I received my Ph.D. in civil engineering in 2013 from UCLA, and worked as a postdoctoral scholar in the Department of Structural Engineering and the Center for Extreme Events Research (CEER) at UC San Diego until I joined Penn State in 2016. Until recently, I was an Associate Professor of Civil Engineering at Penn State and held the L. Robert and Mary L. Kimball Endowed Professorship. My research has been funded by NSF, the DOD, and private industry.
My research of naturally stabilized nodal integration formulated under the framework of variational consistency (VC-NSNI) has enabled high accuracy, stability, and efficiency not previously possible in computationally challenging applications such as penetration/fragment-impact, blast-loaded structures, landslides, explosive welding, earth moving, and 3D printing. These methods have also allowed numerical investigation of complex phenomena, including shock wave propagation in solids under blast and impact loadings, shear band formation in landslides, and failure mechanisms in man-made disasters.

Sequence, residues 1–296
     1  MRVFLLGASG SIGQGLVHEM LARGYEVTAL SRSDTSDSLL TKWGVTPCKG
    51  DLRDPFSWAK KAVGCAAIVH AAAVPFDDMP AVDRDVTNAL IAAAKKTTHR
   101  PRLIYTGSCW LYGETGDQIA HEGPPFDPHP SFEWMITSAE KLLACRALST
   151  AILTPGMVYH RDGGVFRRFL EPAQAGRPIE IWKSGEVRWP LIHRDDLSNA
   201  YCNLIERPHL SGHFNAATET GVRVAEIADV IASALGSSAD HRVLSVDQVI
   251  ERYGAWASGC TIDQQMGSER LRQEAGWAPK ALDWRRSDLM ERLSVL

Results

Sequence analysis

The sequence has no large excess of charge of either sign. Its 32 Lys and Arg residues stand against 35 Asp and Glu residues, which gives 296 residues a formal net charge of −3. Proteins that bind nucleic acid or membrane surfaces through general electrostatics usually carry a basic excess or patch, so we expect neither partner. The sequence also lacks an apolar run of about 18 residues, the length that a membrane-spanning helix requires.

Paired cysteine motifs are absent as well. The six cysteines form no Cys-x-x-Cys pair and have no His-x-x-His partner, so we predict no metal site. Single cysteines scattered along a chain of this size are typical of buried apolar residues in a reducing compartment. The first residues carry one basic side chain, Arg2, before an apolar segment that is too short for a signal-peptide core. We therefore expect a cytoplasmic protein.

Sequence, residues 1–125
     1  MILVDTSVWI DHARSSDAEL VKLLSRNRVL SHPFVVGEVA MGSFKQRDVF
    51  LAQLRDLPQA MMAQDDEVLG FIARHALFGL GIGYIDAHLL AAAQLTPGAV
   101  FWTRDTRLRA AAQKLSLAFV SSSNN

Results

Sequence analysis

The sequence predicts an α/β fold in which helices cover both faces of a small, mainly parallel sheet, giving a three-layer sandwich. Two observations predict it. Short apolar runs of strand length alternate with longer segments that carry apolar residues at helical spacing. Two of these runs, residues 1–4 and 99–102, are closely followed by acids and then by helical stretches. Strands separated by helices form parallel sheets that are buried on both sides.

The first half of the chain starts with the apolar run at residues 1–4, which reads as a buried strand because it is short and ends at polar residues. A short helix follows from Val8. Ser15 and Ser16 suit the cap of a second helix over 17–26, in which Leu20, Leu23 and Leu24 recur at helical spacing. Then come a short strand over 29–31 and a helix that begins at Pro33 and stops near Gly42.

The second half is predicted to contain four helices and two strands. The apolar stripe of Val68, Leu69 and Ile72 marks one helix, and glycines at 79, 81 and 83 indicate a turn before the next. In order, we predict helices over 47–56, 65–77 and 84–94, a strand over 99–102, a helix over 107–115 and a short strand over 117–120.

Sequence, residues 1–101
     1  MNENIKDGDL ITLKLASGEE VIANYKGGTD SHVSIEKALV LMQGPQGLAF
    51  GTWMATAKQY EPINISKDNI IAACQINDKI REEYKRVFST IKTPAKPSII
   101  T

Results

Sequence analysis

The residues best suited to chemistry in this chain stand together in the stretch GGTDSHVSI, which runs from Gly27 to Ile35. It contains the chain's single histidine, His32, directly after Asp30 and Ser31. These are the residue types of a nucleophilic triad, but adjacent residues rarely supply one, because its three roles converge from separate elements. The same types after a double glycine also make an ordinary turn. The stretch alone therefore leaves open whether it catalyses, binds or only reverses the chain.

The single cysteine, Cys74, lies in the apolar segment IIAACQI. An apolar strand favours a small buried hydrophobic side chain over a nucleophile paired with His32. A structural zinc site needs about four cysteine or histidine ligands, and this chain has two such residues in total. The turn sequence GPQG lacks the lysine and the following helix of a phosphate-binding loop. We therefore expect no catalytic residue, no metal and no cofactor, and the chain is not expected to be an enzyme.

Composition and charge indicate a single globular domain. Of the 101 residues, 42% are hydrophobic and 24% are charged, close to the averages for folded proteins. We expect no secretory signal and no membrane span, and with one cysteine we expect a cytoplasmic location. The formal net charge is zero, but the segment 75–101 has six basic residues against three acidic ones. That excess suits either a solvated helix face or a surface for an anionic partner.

These methods have been implemented into codes used by the DoD (US Army Corps of Engineers' NMAP, NMAP-Micro, and MEGA), DoE (Sandia National Laboratories' SIERRA), the commercial code LS-DYNA, as well as codes used in private industry (MECA - Case New Holland Industrial America LLC, and FEMFREE - Karagozian & Case Inc.).
MEGA and MECA are in-house Hillman Lab parallel (OpenMP) FORTRAN90 codes written mostly by myself from scratch, but later features were written by my students and postdocs.
Recently, I received the NSF CAREER award as well as my tenure at Penn State. I left Penn State shortly after and will soon join Karagozian & Case Inc. in October 2022.